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Porn That Way Exhibition – Schwul* Und Sexy


The Schwules Museum*, an institution of education on LGBTIQ culture since 1985, currently has the exhibition “Porn That Way” on show, a groundbreaking journey through gay, lesbian, queer and trans* porn history.  It was my privilege to get a guided tour by one of the curators, Dr. Kevin Clarke. "The good thing about porn is that it’s a tool to talk about sexuality in general and how we deal with it. Think of the TV series ‘Masters of Sex’. In season one, someone asks Dr. Masters, 'Why do you have to do all this research and talk about sexual details all the time? -- Because it’s important that we destroy the myths and the shame, and see what’s really happening.'"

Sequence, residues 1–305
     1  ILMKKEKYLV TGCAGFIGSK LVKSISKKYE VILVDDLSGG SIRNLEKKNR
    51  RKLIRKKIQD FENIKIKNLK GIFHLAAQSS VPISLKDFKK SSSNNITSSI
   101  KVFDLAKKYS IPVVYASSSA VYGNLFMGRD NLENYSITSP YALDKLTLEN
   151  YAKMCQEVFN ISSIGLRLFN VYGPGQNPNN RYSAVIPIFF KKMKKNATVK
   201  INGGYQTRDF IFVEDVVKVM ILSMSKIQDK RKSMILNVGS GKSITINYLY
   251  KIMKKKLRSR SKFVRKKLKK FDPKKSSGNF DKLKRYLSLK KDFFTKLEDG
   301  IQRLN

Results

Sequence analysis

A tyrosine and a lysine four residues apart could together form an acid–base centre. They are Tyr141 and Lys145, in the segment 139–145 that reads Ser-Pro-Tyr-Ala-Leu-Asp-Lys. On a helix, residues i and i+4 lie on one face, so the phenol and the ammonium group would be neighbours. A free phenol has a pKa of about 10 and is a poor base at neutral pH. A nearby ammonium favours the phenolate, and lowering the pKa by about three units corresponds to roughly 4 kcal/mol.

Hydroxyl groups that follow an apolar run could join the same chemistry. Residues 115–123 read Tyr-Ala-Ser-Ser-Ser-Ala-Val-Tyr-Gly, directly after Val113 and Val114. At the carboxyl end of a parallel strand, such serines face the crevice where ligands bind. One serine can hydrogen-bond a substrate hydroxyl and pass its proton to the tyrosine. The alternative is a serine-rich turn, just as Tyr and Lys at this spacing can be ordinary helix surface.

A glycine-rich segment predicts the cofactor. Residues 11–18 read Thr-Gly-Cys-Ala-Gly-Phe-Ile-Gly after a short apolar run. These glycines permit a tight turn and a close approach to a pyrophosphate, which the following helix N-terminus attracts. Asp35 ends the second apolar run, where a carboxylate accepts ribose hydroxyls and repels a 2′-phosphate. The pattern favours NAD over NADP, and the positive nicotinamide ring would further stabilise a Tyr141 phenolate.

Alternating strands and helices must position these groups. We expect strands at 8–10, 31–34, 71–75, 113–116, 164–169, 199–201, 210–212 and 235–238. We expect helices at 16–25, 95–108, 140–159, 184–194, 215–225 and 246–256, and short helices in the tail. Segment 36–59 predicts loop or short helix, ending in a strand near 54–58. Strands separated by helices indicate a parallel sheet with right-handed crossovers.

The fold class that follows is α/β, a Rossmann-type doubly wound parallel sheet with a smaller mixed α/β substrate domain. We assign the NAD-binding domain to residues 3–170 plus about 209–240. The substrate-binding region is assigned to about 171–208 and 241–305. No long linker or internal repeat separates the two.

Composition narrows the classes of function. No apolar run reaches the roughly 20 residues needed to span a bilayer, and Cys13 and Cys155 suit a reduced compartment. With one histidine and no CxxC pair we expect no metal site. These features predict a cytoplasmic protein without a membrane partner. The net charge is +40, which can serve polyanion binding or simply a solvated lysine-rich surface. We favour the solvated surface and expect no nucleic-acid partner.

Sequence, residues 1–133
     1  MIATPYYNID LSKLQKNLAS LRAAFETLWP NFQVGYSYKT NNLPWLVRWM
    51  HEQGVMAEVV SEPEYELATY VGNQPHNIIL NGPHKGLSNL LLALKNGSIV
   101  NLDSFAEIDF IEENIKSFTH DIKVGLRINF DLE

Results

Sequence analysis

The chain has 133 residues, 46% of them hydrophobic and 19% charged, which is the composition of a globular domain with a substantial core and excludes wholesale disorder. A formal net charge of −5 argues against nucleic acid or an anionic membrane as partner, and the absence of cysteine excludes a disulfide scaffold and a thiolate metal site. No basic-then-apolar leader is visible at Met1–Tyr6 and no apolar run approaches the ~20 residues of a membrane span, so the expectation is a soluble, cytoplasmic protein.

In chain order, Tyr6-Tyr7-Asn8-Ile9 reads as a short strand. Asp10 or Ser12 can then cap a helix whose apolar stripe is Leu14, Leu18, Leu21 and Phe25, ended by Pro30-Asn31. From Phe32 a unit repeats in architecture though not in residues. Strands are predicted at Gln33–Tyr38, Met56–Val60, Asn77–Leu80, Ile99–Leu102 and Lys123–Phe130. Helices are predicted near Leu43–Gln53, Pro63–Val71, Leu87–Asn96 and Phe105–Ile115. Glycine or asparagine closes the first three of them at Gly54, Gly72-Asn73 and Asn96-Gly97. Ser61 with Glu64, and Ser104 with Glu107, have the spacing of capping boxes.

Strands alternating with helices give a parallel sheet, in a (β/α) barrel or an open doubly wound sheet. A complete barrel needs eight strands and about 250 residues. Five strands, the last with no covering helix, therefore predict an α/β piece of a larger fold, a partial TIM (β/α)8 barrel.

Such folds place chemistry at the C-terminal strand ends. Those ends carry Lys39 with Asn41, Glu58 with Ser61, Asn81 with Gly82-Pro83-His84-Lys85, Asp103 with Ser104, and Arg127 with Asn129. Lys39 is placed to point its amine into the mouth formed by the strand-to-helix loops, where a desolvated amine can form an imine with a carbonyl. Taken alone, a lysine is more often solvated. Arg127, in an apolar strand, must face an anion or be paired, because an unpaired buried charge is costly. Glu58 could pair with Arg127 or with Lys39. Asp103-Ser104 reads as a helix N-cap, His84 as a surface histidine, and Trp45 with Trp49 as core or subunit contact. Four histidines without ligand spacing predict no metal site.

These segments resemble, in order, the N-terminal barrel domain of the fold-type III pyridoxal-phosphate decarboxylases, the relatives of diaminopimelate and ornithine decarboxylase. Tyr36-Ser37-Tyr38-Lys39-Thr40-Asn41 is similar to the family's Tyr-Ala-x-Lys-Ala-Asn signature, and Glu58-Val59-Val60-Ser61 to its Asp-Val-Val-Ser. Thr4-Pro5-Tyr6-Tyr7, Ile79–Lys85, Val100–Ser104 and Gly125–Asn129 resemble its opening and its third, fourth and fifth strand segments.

"Porn That Way" starts with quite the mythbuster itself. The earliest image traces back to 9000 BC, with the Ain Sakhri lovers as the oldest known depiction of human sexual intercourse. This image was always considered to show a man and a woman in a tender embrace, but can only be explained as such through the heteronormative glance of the society we live in. In the Schwules Museum*, we are invited to broaden our gaze and look at it within a wider possibility of gender combinations and thus as the start of a tradition of pornography that dares to veer away from heterosexual intercourse. "How people accept gay and lesbian depictions of sex reflects how they see gays and lesbians in general, so basically it is a very historical exhibition that shows how non-heterosexual movements were being perceived, treated legally and came into the public limelight. Looking at the way we have sex on film and in photos shows how we ourselves have changed, how body types have changed, how categories, ideals and health concerns changed."